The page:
It felt odd to see Sakshi Malik, who was the recipient of the Khel Ratna (India’s highest sports award) in 2016, cry foul over the Sports Ministry’s decision to exclude her from the list of Arjuna Award (an award with a lower rating as compared to the Khel Ratna) recipients this year. It was odd but not surprising because such an award doesn’t just mean prize money, prestige or justification of talent, it may also mean a promotion and a higher pension when one retires.

The bigger point, however, is how India’s National Sports Awards have become about anything but sport – they have become about favours, lobbying, networking, social media presence. In short, they have become political. It has been the case for a while now but with each year, the mess seems to mean that even deserving sportspersons need to sink lower if they want to get noticed or awarded.

Mysterious omissions

The list of awards (you can see the entire list Here) this year is extensive. Perhaps, too extensive. Five Khel Ratna winners, 27 Arjuna Awardees in a non-Olympic, non-Asian Games year is a bit much. But even then, there are glaring omissions.

Take the case of just the nominations by the Athletic Federation of India. Triple jumper Arpinder Singh, 100m runner Dutee Chand, middle-distance runners Manjit Singh and PU Chithra were nominated for the Arjuna Award. Javelin thrower Neeraj Chopra was nominated for the Khel Ratna.

Arpinder was ignored for the Arjuna Award despite winning the Asian Games gold in 2018 in an individual event while Dutee Chand, who won two silvers, has got the award. Yes, there are qualification criteria in place but they are vague.

“The Selection Committee may recommend, in deserving cases with proper justification, more than one sportsperson in respect of team sports and sportspersons of both the genders,” read the MYAS guidelines.

So both could have been accommodated if the selection committee chose to do so. But instead, we have Arpinder missing out with any real justification.

The same is perhaps true for Neeraj. While table tennis star Manika Batra gets the Khel Ratna (for the same Asian Games and CWG performances that won her the Arjuna Award in 2018), Neeraj, who is among the best javelin throwers in the world, and a proper Olympic medal prospect doesn’t.

Then, there is the case of Paralympic high jumper Mariyappan Thangavelu, who received the Arjuna Award and the Padma Shri for his gold at the 2016 Rio Paralympics. But now, has he got the Khel Ratna for the same achievements?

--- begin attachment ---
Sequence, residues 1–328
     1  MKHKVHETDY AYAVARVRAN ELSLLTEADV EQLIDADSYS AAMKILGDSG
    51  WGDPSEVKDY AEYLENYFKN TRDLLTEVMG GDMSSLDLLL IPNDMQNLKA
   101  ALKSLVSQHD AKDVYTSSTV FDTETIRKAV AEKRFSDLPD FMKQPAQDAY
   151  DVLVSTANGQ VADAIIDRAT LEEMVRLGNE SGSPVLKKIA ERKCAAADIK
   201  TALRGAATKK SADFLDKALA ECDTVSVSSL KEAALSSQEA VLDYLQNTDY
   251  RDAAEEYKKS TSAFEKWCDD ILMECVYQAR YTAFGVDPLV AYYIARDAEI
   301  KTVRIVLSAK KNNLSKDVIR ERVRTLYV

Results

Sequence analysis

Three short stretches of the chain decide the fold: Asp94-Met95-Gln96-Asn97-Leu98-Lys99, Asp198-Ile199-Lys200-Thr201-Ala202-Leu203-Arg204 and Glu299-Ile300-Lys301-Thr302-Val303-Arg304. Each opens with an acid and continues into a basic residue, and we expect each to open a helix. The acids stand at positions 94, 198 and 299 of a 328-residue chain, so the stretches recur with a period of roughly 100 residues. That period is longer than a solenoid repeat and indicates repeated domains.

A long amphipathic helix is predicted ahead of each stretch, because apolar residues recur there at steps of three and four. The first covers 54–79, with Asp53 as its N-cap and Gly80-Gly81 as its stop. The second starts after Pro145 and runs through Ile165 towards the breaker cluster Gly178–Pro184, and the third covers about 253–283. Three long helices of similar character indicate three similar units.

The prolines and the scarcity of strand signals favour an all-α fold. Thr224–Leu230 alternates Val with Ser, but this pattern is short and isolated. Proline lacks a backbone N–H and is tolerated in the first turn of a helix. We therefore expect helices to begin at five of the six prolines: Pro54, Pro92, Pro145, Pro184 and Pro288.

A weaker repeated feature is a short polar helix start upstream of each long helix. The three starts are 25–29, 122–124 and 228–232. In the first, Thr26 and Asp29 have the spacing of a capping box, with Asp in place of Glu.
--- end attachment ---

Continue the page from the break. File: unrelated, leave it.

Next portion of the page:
The problem here is that the application of the criteria is not uniform. The whims and fancies of the bureaucrats and ministers do make a difference, likes and dislikes may crop up too, whether they support the government by toeing the line is important too. And then, there will be eminent sports personalities who will push a particular case too. Invariably, this leads to athletes trying to keep everyone happy, trying to play the political game... wish happy birthday to ministers, and thanking them profusely when they respond.

What happens to the former greats?

This might perhaps attract even more controversy but what happens to many of India’s former sporting greats?

Many of them greatly impacted the sports ecosystem in India but they will never have a Khel Ratna against their names. Should the Indian government look to honour them retrospectively?

Rohit Sharma, for example, deserves the Khel Ratna but what about Rahul Dravid or Sunil Gavaskar or Kapil Dev or PT Usha? The entire list looks random and very incomplete.

The International Cricket Council is showing the way when it comes to this. Cricket’s governing body started the Hall of Fame to recognise “the achievements of the legends of the game from cricket’s long and illustrious history”. Now, the initiative was only launched in 2009 but the ICC has tried to ensure that no one misses out.

If one looks at the list 20 years from now, it will make for a far more complete list than India’s list of Khel Ratna awardees ever will. And that is a bit of a shame.

India hasn’t exactly been at the forefront of archiving sporting achievements but a Hall of Fame could perhaps help the country to remember its sporting greats better.

The tedious season

Each year we see hockey veterans line up and demand a Bharat Ratna for Dhyan Chand, one of India’s greatest ever sportspersons. Each year, their calls are greeted with silence. Is it just plain ignorance or do they believe Chand doesn’t deserve it? Can they issue a statement about the matter?

The Government of India awarded Chand the Padma Bhushan, India’s third highest civilian honour, in 1956 but if Sachin Tendulkar could be awarded the Bharat Ratna then was Chand any less of a sportsperson… did he have any less of an impact on Indian sport and society?

Some might even make similar arguments for Viswanathan Anand, Geet Sethi and a few others. To leave things hanging isn’t right. Avoiding the issue altogether isn’t a solution either. The same questions crop up year after year.

Should the government or the selection committee be coming out to explain why someone has got it and why others have missed out? Will that clear the air or only add to the muddle? Either which way, it does raise a stink.

The awards season should rightly be a celebration of great athletes and their feats on the sporting field but it has assumed tedious proportions one never would have imagined possible. And at some level, doesn’t that defeat the whole purpose of the awards?